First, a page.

"It turned out that it was neither the seasons nor the amount of daylight hours experienced but that contagious yawning was constrained to an optimal thermal zone."
London, May 7 - It may look unpleasant in office meeting or in the middle of a social dinner but yawning does help cool your brain.

Yawning frequencies of people also vary with change in seasonal temperature, a research said.

The contagious yawning is constrained to an optimal thermal zone or range of ambient temperatures. Yawning subsequently functions to keep the brain temperature balanced and in optimal homeostasis, explained psychologist Andrew Gallup from State University of New York at Oneonta -.

The researchers hypothesised that yawning should only occur within an optimal range of temperatures - a thermal window.

To test this, Jorg Massen and Kim Dusch of University of Vienna measured contagious yawning frequencies of pedestrians outdoors in Vienna, Austria and during both the winter and summer months.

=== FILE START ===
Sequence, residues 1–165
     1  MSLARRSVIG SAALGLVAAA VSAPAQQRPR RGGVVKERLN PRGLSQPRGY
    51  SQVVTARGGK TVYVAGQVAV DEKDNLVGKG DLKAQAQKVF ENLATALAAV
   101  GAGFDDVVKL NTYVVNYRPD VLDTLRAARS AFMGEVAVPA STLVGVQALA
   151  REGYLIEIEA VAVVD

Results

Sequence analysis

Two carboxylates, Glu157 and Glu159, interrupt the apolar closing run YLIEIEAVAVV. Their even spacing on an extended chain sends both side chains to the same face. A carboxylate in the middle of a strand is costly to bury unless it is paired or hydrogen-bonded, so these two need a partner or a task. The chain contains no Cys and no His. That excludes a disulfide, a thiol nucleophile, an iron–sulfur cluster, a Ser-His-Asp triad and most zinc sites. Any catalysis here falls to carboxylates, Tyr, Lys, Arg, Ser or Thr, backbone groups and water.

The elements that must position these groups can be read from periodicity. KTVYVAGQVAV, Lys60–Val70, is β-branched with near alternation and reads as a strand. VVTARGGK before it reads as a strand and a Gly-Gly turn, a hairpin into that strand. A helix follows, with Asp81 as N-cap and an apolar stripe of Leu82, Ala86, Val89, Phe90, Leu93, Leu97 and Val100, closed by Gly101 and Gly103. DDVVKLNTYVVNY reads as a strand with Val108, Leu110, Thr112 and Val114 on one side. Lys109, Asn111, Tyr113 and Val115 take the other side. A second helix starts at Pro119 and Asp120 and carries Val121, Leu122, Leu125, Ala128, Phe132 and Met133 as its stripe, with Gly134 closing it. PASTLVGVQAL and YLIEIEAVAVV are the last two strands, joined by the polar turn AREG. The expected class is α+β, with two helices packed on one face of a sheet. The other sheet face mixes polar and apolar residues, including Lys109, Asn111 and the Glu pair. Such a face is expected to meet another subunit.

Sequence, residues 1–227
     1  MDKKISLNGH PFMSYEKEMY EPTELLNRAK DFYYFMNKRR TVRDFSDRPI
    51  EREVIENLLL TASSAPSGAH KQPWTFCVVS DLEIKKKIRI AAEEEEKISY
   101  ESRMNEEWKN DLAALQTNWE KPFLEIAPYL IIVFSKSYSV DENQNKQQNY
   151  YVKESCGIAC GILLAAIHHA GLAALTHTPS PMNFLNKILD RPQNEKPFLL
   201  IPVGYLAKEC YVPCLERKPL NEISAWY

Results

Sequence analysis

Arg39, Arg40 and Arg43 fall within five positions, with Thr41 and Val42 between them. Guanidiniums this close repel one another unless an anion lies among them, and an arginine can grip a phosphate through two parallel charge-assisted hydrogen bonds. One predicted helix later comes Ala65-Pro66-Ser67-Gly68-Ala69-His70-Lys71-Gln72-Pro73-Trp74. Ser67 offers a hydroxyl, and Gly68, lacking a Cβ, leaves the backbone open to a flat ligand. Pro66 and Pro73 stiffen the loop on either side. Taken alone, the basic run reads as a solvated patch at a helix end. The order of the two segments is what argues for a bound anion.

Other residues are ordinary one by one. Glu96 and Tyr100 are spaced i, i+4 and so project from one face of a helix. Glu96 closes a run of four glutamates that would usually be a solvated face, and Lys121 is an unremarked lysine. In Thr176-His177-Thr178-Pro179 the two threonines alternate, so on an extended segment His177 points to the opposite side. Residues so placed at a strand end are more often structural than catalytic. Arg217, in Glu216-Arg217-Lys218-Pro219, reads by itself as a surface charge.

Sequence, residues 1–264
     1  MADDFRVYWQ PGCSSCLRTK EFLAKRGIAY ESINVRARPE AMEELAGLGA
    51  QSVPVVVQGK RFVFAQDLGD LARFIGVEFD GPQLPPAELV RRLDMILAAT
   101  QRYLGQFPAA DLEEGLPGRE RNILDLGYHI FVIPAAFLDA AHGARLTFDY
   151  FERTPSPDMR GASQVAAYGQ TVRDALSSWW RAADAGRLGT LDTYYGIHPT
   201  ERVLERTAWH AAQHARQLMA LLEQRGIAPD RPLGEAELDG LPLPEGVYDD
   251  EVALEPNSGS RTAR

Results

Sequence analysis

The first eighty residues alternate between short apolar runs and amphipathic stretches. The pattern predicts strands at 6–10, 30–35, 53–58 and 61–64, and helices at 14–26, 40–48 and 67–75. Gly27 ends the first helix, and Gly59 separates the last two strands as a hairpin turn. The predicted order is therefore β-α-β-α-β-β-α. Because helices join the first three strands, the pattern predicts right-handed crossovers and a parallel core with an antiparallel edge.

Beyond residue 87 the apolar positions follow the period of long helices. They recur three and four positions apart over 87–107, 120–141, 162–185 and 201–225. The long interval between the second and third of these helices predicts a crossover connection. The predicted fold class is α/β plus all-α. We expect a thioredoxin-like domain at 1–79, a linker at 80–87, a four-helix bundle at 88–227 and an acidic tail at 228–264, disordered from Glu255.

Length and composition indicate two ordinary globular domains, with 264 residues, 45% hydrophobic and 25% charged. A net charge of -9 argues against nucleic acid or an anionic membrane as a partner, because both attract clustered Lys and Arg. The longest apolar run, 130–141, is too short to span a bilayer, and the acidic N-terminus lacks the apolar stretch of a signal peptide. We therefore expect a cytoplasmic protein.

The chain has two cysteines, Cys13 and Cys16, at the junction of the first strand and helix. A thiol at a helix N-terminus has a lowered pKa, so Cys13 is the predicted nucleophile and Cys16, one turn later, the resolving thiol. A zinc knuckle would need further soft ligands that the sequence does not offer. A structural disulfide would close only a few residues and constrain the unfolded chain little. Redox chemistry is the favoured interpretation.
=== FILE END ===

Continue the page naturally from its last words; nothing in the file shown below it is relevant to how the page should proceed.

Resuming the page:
They compared these results to an identical study conducted earlier in arid climate of Arizona, US.

Pedestrians were asked to view a series of images of people yawning, and then they self-reported on their own yawning behaviour.

Results showed that in Vienna people yawned more in summer than in winter, whereas in Arizona, people yawned more in winter than in summer.

It turned out that it was neither the seasons nor the amount of daylight hours experienced but that contagious yawning was constrained to an optimal thermal zone.

According to Massen, where yawning functions to cool the brain, yawning is not functional when ambient temperatures are as hot as the body, and may not be necessary or may even have harmful consequences when it is freezing outside.


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